Voting is a macro-level act of societal inclusion, citizen engagement and further community development. On a micro-level (individually), voting is the practice of freedom of speech and the preservation and value of each individual’s right to suggest how and in what direction society should progress. There are various reasons why voting will only benefit and contribute to the healthy development of our Muslim community here in our Edmonton.
“O mankind, We have created you from a male and a female and have made you into nations and tribes for you to know one another. Truly, the noblest of you with God is the most pious. Truly, God is All-Knowing, All-Aware.” (Quran, 49:13)
We exist in a world where social belonging is a rarity given that our Canadian society contains a wealth of intersectional (and increasingly hybridized) political, social, cultural, economic and religious diversities. However, voting provides the platform for all citizens to have their say on who should be elected into various government-oriented political parties. When your completed ballot is cast (be it by yourself or through some sort of helpful communication accommodation for diverse abilities), it’s your input (opinions on who should and should not enter positions of power and influence) that then influences the local, provincial or national voice on who should be elected. Casting a ballot isn’t contingent upon your ethnic background, social status, etc. Your valid concern and attention towards the security of your home, local community, city, province and country of Canada (protection from various forms of terrorism: White supremacy, Islamophobia, hate crimes, Mosque shootings, those cruelly misrepresenting Islam, etc) is an obligation and right that you have as a Canadian citizen. By voting, you will contribute to the slow but fruitful process of positive social change.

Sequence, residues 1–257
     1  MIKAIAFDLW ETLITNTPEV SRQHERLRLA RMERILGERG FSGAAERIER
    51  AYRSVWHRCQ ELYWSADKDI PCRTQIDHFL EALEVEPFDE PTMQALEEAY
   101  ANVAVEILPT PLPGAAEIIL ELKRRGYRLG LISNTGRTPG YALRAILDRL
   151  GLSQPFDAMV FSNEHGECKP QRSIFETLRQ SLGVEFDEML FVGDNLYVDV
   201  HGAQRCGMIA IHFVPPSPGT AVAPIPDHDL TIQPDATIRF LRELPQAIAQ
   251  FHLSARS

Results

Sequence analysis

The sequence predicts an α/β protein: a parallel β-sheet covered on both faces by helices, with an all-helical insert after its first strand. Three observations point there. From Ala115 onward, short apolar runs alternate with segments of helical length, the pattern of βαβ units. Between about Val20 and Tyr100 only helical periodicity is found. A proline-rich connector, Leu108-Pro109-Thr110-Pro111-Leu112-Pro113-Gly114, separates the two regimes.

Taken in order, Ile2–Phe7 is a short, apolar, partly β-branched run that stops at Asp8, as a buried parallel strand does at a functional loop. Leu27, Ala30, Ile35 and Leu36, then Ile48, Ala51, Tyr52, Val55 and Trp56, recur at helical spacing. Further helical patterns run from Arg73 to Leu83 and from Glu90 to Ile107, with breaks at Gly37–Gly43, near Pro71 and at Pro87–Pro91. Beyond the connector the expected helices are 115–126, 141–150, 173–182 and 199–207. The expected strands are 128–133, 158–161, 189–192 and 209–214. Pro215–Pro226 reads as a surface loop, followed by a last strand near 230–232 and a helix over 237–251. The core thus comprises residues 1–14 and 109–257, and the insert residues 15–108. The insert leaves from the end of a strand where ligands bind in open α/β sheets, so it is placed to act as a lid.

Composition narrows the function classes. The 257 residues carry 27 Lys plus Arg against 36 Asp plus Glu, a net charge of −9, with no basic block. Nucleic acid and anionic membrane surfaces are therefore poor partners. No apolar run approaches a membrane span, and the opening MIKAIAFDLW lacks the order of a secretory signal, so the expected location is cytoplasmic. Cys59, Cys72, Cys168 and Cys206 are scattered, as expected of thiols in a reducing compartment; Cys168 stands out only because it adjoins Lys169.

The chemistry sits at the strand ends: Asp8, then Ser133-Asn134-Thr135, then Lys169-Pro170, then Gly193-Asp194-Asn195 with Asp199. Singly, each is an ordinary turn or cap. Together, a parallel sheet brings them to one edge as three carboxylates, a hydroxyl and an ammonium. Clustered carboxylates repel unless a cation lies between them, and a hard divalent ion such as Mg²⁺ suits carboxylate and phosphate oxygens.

“…And let not the hatred of others make you avoid justice. Be just: that is nearer to piety….” (Quran, 5:8)